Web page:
The demonstrations across the US are some of the largest I can remember in decades. Spreading around the world – from France, Germany, Spain, Switzerland to Australia, Japan and Senegal – the death of George Floyd has become a truly global moment. Young people in this country especially have been taking to the streets to protest racial injustice in our own backyard. As somebody who has been aggressively patted down by the police myself, I resonate with the overwhelming sense of weariness and anger. As black communities around the world grow increasingly tired of being excluded from the social contract, more and more white people are waking up. We should ask ourselves, though, will this global moment be a pivotal moment as well?
I say this as someone who has witnessed their fair share of injustice being kicked into the long grass. It took six years for a report to be commissioned into the police’s botched investigation of Stephen Lawrence’s murder. I watched Andy Burnham and Steve Rotherham struggle for years to get justice on behalf of the Hillsborough victims. And, three years on, we’re still waiting for somebody to be held accountable for the death of 72 people in the Grenfell Tower fire.
To those whose aim is to merely exhaust these injustices of public interest until they’ve been removed from the news cycle altogether, ‘the review’ has become their most powerful weapon. Following the Black Lives Matter protests, Boris Johnson said he was launching a “cross-governmental commission” which will look at “all aspects” of racial inequality in the UK. The problem is, we have been given no reason to believe this review will be any different to the countless reviews, commissions and reports that lay in its wake. Worse still, we have no reason to believe that the deafening silence that followed will, this time, be broken.
I made 35 specific recommendations in the Lammy Review, which looked into racial disproportionality in our criminal justice system. There are 30 recommendations in the Home Office review into the Windrush scandal. Following the Grenfell Tower Fire, the Hackitt review made 50 recommendations regarding building safety. There are 26 recommendations in Baroness McGregor Smith’s review into workplace discrimination. There are 8 recommendations in the Parker Review into the ethnic diversity of UK boardrooms. The Angiolini Review made 110 recommendations to tackle deaths in police custody. The message from the Black Lives Matter movement is loud and clear: implement these recommendations. Legislate. Act. Do something.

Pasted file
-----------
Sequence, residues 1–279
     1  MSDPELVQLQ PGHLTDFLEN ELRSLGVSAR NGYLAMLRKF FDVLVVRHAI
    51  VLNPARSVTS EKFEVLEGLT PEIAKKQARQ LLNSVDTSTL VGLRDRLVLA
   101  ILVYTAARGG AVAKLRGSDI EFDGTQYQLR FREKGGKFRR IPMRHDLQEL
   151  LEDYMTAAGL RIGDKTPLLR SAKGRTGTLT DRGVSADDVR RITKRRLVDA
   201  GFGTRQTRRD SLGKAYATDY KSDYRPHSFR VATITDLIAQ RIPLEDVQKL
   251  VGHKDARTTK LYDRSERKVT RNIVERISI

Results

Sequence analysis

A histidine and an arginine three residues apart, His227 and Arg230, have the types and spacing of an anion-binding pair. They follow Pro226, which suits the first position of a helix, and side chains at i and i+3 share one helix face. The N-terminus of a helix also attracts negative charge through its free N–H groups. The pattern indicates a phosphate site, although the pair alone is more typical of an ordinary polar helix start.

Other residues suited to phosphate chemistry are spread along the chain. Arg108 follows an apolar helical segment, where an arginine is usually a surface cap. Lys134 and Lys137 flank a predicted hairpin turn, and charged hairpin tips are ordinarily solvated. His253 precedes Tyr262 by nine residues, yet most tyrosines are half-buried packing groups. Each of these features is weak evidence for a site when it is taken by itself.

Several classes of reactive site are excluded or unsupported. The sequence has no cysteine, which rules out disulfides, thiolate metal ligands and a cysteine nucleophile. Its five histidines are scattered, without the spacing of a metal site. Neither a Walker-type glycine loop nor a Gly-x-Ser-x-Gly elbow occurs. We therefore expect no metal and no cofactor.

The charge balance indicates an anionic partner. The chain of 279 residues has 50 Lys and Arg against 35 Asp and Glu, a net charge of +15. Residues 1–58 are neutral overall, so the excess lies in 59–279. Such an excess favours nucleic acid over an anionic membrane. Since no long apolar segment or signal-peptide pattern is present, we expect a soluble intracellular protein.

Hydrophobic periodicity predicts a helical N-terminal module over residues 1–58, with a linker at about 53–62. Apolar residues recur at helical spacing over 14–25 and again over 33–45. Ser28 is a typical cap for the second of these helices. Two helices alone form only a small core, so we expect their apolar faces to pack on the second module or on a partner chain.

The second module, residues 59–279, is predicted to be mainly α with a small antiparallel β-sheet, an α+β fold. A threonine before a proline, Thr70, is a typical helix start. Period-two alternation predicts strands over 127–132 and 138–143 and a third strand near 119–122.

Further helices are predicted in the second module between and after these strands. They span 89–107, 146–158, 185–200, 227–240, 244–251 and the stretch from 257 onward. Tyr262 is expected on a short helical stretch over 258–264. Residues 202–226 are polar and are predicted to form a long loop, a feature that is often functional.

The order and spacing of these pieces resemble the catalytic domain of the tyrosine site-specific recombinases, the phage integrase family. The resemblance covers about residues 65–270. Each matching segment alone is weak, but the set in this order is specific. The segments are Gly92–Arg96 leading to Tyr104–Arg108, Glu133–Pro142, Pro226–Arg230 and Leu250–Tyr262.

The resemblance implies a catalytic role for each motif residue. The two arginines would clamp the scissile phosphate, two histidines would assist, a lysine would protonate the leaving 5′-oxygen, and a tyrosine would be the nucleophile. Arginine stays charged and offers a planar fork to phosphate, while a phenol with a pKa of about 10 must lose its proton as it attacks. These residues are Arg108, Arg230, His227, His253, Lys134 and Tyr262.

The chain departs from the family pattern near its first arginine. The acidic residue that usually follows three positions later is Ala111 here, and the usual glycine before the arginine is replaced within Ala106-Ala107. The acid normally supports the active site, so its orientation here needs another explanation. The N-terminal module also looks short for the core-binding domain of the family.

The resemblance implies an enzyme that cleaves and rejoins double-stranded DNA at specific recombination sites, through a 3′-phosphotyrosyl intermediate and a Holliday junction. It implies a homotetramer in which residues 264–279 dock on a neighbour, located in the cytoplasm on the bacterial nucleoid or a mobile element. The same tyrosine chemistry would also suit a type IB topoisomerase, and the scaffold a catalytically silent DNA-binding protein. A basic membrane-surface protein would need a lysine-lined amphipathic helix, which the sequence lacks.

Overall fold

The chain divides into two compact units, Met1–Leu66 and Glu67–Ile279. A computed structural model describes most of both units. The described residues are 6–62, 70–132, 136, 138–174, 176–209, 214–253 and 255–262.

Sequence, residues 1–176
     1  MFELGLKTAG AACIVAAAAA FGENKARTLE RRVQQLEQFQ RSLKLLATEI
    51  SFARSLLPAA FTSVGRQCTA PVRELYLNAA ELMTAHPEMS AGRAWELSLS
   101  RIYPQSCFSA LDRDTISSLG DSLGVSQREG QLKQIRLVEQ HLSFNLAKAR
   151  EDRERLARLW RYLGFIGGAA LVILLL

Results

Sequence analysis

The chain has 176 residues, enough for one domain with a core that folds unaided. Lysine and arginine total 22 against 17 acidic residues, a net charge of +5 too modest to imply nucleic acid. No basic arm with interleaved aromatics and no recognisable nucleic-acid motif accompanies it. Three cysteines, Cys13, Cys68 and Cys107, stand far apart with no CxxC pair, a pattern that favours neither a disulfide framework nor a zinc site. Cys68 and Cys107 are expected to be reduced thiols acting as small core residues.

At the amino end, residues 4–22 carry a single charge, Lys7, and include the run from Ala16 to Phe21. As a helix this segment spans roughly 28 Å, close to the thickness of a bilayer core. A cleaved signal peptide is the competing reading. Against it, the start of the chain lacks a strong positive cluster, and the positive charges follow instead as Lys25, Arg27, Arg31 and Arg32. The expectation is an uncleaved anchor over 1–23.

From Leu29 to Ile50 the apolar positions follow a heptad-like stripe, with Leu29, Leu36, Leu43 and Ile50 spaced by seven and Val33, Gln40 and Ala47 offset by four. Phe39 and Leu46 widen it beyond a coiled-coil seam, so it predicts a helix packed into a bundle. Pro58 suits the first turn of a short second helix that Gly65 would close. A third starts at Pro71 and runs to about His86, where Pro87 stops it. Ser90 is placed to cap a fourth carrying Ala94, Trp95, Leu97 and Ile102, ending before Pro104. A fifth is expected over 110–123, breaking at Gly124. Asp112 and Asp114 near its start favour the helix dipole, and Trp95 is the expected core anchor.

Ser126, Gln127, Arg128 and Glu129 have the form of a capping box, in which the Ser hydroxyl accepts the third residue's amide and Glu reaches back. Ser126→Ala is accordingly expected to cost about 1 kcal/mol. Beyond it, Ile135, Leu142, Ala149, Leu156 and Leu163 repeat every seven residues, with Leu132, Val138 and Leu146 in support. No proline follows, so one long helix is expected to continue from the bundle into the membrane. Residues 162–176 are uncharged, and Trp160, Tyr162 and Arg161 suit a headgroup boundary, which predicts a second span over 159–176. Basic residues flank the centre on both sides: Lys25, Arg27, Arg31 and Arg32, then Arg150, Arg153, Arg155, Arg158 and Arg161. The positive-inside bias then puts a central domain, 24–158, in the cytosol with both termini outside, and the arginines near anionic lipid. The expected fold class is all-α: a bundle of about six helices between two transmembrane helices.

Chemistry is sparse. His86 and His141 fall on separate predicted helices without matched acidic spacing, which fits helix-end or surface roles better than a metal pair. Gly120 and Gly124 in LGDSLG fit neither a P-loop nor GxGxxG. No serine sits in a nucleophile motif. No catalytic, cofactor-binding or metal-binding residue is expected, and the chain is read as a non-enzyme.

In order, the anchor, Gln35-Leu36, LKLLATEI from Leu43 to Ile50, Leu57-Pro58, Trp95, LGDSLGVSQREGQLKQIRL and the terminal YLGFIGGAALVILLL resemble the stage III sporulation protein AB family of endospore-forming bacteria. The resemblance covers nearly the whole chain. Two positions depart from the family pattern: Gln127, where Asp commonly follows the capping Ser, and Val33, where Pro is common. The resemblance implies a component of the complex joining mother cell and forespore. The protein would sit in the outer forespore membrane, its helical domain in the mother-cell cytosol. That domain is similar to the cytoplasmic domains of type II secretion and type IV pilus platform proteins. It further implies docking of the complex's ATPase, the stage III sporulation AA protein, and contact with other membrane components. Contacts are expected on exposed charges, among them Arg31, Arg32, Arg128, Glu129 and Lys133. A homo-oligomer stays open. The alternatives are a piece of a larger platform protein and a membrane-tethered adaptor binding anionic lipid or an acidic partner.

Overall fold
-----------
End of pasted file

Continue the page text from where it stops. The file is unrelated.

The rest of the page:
It’s been more than 20 years since the MacPherson report found evidence of “institutional racism” in our police, but you are still 9 times more likely to be stopped and searched if you are black than if you are white. It’s been four years since David Cameron commissioned the Lammy Review, and black, Asian and ethnic minority people still make up 51% of the youth justice system, despite making up just 14% of the general population. Three years have passed since the Angioloni review, but you are still more than twice as likely to die in policy custody if you are black than if you are white. The central demand of the McGregor Smith review was mandatory ethnicity pay gap reporting. Three years on, no action has been taken.
The time for review is over and the time for action is now. That’s why it’s so important that people continue to take an interest in racial injustice even when it’s not in the news cycle, when it’s less fashionable and less comfortable to stand up to racial inequality. The widespread solidarity we’re witnessing must carry its momentum forward to demand action so that the recommendations made years ago are finally implemented.
We have to find a way to transform people’s righteous anger into meaningful reform, because we cannot look back in five years’ time and find that George Floyd was just a hashtag. We have to find a way to convert a trending spectacle into a radically reformed criminal justice system, which faces up to its undeniable racial prejudice. We have to find a way to translate endless reviews into ending racial injustice.
David Lammy is a Member of Parliament for Tottenham and Shadow Secretary of State for Justice